Bloomberg knows business, if they do say so themselves:
Bloomberg is the leader in global business and financial information. We give influential decision makers the data, analytics, news and insight to give them a critical edge.
A Bloomberg editorial thus commands some attention, and we have here an Oscar Sunday eye-popper called “Hollywood Should Beat Digital Pirates at Their Own Game“.
The editors start by riffing on “The Artist”, a silent movie up for best picture 85 years after the dawn of talkies. The lesson held up by Bloomberg: Once technical barriers are broken, they can never be rebuilt. Hollywood (Bloomberg says) should rethink its antiquated business model, and in particular its distribution system.
Bloomberg dismisses Hollywood’s failed (but still not abandoned) attempt to get Washington to rescue the sinking Titanic with a SOPA lifesaver. Instead, Hollywood should take a lesson from Megaupload, formerly one of the top 100 Web sites in the world, whose elimination would be seen by any rational industry as a business opportunity:
Megaupload claimed 150 million registered users with an average of 50 million visitors a day. Over seven years, a U.S. Justice Department complaint says, it pulled in $175 million (with just 30 employees) distributing mostly stolen films. Clearly, there are millions of film buffs eager to watch movies when and where they desire, not when a studio dictates.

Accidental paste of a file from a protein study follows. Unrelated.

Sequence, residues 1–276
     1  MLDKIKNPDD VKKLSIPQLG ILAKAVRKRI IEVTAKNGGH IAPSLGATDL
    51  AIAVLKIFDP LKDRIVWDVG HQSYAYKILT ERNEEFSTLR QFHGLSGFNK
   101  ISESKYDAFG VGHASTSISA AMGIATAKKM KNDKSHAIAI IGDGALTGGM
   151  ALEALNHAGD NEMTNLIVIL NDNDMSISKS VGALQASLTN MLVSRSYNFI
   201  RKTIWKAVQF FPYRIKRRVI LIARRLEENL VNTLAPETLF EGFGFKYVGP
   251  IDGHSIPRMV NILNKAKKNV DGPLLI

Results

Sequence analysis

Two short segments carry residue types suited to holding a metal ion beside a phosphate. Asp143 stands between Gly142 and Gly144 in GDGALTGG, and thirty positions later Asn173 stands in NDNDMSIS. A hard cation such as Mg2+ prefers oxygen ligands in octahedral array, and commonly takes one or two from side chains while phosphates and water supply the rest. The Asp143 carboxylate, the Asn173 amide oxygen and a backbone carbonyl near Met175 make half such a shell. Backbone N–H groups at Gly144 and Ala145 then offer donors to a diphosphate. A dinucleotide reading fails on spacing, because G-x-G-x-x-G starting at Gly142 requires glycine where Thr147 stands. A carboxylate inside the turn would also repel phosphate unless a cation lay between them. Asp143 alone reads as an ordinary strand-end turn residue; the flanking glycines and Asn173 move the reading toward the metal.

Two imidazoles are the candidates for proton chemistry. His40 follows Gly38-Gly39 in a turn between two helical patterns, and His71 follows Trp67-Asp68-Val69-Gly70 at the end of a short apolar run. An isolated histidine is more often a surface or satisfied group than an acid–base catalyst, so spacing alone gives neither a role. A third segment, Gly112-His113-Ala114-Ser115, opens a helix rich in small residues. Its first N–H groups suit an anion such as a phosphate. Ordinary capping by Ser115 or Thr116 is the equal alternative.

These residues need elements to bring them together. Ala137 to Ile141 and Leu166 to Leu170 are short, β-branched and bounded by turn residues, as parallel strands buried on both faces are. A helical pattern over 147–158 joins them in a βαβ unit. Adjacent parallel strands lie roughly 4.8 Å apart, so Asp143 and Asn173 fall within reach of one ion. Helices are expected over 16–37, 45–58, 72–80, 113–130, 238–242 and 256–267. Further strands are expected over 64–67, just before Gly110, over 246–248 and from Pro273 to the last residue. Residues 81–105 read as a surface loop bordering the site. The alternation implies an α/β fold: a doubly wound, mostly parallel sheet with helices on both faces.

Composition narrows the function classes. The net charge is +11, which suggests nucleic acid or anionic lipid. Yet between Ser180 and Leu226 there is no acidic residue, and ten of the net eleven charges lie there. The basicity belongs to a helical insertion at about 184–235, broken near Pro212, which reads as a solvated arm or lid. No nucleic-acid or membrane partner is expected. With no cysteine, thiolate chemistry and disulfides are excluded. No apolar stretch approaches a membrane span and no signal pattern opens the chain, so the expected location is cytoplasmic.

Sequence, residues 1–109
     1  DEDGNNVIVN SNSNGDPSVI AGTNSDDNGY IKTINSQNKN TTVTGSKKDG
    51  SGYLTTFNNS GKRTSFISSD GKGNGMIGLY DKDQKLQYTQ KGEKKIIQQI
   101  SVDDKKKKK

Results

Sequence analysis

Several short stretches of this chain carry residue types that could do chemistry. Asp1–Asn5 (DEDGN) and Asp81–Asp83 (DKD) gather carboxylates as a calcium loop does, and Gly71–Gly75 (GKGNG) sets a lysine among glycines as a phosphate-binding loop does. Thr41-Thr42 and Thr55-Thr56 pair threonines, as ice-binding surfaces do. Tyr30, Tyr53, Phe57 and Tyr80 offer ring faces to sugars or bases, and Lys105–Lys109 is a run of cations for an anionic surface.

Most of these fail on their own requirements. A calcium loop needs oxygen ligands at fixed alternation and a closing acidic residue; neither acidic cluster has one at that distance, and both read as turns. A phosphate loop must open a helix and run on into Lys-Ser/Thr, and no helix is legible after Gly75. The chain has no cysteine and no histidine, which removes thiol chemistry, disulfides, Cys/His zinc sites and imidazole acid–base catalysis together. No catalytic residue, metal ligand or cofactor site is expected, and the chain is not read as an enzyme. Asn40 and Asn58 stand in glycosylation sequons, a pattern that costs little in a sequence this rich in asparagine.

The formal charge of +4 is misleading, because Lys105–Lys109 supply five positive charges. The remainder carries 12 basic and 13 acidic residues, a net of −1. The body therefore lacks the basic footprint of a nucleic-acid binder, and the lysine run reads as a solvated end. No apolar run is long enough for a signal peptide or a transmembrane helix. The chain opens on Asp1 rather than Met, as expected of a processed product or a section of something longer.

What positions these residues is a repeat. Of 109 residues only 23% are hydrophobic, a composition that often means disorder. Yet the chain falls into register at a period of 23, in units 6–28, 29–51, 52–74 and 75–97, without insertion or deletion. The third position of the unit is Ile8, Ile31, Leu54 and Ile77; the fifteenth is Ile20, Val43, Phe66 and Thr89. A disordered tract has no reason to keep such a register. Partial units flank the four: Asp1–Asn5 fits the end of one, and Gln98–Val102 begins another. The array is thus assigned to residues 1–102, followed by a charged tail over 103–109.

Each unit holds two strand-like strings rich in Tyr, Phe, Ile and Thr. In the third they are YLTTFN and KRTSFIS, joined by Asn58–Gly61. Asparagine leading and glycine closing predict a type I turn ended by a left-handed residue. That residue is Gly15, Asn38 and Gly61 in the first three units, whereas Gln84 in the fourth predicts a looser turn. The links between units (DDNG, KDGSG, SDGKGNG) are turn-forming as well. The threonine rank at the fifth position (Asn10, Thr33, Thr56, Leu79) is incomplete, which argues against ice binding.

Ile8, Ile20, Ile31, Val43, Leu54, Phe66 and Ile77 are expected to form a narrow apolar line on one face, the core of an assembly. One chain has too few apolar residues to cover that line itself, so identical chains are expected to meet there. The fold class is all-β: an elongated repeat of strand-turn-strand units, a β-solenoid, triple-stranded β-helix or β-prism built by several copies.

Studios should abandon their tightly controlled distribution system, in which a film is released serially to U.S. movie theaters, overseas theaters, pay-per-view television, DVDs and network TV. The industry now makes most of its money from overseas releases and DVD sales, and is fearful that simultaneous digital releases on all platforms in all markets will kill the golden goose that produces blockbuster hits — and profits.
They summarize in a simple question, one that many of us have been asking for a long time: “Why can’t the film industry compete on the basis of price and service?” Perhaps hearing these ideas from a stalwart of the business community will lead Hollywood (and, not incidentally, Congress) to adapt to the new digital world and stop fighting it.